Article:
Whether it's trade policy concerns, tax breaks, inflation fears, economic optimism or recession fears, the stock market has reacted. Investors have been on a rollercoaster ride that raises the question: what should you do in times of volatile markets? In many situations, the answer is to sit tight, and take the long view.
One enduring truth about stock markets is that they go up, and they go down—and the steeper the rise or the fall, the more tempting it can be to derail a long-term strategy with a snap decision, especially when markets fall sharply, we tend to react on impulse. Before that becomes your reaction to market volatility, focus first on your goals and your investment timeframe."
Take investors who need short-term liquidity, if you plan to make a large purchase such as a house or a car, or you know a tuition bill is about to come due, then you will likely want to pursue a different path than investors who do not need cash right away. All else being equal, the latter group might be better able to stomach volatility in the short term. But any investor who cannot bear the thought of—or cannot afford—locking in losses in times of volatility may want to explore less volatile alternatives to help secure their portfolio's value.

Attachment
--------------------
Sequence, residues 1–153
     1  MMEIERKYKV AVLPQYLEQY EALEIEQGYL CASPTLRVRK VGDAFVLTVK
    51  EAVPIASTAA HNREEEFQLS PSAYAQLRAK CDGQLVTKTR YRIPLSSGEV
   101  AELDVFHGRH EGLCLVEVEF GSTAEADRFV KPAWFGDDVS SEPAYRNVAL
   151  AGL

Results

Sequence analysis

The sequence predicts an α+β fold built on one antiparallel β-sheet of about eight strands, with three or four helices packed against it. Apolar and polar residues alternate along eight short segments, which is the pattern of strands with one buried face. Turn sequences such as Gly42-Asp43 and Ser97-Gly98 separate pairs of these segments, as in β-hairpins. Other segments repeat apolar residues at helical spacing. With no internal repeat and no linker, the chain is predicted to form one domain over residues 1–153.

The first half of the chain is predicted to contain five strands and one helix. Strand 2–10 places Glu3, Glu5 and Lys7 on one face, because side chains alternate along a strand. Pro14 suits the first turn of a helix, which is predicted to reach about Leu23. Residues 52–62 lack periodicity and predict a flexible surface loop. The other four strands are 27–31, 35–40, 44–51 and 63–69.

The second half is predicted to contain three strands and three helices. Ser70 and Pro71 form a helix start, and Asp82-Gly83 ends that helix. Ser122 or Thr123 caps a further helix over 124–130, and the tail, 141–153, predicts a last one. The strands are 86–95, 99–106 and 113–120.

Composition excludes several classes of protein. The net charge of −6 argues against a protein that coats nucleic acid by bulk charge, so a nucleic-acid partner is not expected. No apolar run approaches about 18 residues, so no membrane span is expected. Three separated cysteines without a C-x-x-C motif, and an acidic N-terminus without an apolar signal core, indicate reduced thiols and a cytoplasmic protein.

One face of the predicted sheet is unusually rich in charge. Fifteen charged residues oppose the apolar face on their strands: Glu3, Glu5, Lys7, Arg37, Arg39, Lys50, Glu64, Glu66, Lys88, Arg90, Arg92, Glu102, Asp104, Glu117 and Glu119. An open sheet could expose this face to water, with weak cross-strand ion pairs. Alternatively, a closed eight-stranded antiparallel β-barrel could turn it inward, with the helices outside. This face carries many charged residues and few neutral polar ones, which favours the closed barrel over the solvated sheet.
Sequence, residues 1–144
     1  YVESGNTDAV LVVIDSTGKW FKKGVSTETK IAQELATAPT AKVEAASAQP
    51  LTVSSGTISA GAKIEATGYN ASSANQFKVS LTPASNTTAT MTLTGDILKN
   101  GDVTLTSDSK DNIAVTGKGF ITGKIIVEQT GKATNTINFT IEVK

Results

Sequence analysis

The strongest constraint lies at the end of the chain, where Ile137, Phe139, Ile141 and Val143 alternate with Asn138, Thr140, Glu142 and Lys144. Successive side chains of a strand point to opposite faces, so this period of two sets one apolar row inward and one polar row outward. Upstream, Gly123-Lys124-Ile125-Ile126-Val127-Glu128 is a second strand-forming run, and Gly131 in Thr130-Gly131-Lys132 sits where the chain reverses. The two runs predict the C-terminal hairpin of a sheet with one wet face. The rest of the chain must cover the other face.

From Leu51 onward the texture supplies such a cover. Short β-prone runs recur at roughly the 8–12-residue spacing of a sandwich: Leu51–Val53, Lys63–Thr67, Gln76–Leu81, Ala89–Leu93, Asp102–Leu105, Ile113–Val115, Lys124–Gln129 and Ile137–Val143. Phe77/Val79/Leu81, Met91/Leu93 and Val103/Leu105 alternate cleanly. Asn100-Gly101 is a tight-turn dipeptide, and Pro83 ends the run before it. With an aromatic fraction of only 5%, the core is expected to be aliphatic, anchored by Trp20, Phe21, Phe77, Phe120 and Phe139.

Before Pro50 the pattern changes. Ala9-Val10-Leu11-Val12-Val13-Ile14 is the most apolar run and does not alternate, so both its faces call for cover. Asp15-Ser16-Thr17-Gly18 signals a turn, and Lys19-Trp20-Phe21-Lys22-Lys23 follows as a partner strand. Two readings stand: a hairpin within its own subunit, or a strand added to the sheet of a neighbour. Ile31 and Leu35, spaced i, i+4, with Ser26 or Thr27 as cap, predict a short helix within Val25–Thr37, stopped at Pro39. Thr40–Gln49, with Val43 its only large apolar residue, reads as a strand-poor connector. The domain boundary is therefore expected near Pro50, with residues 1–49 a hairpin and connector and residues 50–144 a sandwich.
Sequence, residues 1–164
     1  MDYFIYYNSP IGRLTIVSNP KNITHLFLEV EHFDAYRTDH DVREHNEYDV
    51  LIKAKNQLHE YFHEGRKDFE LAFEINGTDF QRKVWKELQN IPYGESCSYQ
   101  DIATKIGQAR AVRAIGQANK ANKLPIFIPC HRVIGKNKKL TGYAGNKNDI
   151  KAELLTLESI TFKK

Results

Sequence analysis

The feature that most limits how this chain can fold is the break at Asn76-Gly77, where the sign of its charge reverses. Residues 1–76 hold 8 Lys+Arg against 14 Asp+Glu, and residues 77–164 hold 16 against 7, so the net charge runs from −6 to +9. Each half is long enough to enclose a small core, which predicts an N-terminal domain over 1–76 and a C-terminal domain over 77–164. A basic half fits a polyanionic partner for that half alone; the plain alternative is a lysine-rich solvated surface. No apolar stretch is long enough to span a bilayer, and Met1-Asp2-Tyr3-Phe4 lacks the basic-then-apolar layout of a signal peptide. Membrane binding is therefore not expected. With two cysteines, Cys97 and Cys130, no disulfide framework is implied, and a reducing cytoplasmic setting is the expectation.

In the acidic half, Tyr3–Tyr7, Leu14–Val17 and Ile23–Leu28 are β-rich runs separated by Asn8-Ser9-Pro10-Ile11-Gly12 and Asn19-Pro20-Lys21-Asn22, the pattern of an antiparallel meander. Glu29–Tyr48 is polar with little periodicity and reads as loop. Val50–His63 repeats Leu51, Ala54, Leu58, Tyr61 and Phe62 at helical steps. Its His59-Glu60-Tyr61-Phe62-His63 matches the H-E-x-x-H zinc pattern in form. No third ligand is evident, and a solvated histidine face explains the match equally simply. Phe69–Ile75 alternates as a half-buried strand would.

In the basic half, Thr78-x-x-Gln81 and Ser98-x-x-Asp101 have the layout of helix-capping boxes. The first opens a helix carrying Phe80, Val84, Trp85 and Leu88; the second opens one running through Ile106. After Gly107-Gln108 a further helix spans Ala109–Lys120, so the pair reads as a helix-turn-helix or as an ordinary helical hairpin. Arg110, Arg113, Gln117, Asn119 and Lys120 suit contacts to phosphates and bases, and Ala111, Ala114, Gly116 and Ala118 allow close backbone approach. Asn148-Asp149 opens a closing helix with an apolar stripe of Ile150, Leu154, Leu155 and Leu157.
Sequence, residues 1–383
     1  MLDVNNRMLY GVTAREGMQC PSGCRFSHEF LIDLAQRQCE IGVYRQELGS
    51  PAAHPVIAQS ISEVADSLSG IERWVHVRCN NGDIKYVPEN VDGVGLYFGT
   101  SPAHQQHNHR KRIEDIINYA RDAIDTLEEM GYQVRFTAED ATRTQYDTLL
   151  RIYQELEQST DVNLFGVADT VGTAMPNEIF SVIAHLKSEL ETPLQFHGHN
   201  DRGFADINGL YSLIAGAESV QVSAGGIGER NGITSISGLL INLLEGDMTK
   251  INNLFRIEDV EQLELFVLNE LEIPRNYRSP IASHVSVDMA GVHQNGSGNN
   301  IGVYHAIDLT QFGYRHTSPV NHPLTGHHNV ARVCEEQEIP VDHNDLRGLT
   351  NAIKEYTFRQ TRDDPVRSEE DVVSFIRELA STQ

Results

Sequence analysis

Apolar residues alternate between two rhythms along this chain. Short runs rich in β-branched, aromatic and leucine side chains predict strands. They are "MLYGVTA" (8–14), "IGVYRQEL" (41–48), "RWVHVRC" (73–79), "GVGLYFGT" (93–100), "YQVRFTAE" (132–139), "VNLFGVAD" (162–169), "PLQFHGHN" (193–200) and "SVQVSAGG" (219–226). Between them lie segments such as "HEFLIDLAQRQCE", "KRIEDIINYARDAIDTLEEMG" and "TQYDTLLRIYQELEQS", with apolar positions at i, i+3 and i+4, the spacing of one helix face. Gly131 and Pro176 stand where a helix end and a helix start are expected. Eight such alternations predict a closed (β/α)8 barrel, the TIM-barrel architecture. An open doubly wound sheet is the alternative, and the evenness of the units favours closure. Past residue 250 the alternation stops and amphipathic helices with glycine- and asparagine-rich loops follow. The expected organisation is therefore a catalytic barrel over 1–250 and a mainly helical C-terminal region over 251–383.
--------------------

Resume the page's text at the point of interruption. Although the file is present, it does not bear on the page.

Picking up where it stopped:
Whether any given day's drop reflects a market correction, an anomaly or the beginning of a bear market can take time to figure out—and is outside the control of any one investor. So, control what you can—and focus on key investing concepts such as staying diversified and rebalancing to stay aligned with your goals.